With Boston confirmed as a contender for Amazon HQ2, the e-commerce giant has been on my mind a lot lately. (For the record, I believe that Amazon HQ2 would make it harder for Boston startups to innovate, and to attract and retain talent.)

I’ll admit, I’m an Amazon Prime member. I use Amazon, a bunch. But, it’s not suited for my most essential retail purchases. When there is something I want, really want, something I care about (and invest a lot of time, money, and emotion in finding), I never use Amazon. Amazon is perfect for the “oh, I forgot to get the {insert something trivial here} stuff” that I used to buy at a big box store. That’s why Amazon is perfect for my toilet paper, but not for the purchases I really care about.

Here are some things I’ve bought on Amazon:

– 100 coffee filters…not coffee beans though, too many good local sources. Hi George Howell Coffee!

– 200 plastic beer cups… skip the beer, because illegal, and Heady Topper is not going to flash sale on Amazon anytime soon.

– 500 Pre-wrapped drinking straws… but not the glasses, because local stores like Olives and Grace sell etched glassware made by actual Bostonians.

– Random replacement cable for my TV soundbar… RIP Radio Shack!

Things I would never buy from Amazon:

– Furniture… Netflix is too compelling for a couch that doesn’t sit me right.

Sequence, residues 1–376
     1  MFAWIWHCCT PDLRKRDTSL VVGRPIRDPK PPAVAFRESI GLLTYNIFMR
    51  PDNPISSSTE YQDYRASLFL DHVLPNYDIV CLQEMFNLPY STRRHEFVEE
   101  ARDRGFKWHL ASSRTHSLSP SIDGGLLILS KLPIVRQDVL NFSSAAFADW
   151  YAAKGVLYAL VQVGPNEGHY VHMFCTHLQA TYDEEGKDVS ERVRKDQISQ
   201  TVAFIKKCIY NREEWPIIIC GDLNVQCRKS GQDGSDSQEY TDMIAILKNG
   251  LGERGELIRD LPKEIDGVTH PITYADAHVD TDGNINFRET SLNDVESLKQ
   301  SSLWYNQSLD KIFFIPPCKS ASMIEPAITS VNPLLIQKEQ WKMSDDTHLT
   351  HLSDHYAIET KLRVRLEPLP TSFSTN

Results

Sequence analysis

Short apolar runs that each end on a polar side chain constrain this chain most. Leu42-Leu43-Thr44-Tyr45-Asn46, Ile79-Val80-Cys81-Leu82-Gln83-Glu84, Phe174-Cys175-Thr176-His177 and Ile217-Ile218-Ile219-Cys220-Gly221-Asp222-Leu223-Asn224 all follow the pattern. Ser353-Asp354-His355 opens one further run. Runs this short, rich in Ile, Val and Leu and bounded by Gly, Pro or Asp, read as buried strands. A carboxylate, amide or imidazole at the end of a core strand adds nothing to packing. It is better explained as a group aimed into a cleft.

– Appliances… Not until Jeff’s drones can safely wire a 220v dryer plug.

– Outdoor gear… Buying the wrong skis would not only ruin my weekend but also damage my feet. Not worth it. Also part of the fun is talking about the best ski spots with local shop employees.

– Footwear… I coach my daughter’s soccer team, and keeping up with a bunch of 10-year-olds (but not necessarily needing to run a marathon) is hard to explain to a service bot.

– Flooring… because I can’t possibly pick the right style based on little photos of carpet that come in thousands of shades of beige.

I buy things on Amazon that I don’t care if I get it wrong because God knows I’d never return anything to Amazon. Do they even allow that?

What I’m saying is that local retailers hold the key to the considered purchase. And Amazon holds the key to…well, toilet paper. When you buy things that matter, look to your local retailer to truly understand your needs, and help you find exactly the right fit.

Shop local! Believe in retailers.

Related Content:

Boston Doesn’t Need Amazon HQ2

Why Amazon Spark Misses the Mark on Customer Experience

The Return of Brick-and-Mortar: Amazon Buys Whole Foods


Categories: Industry News

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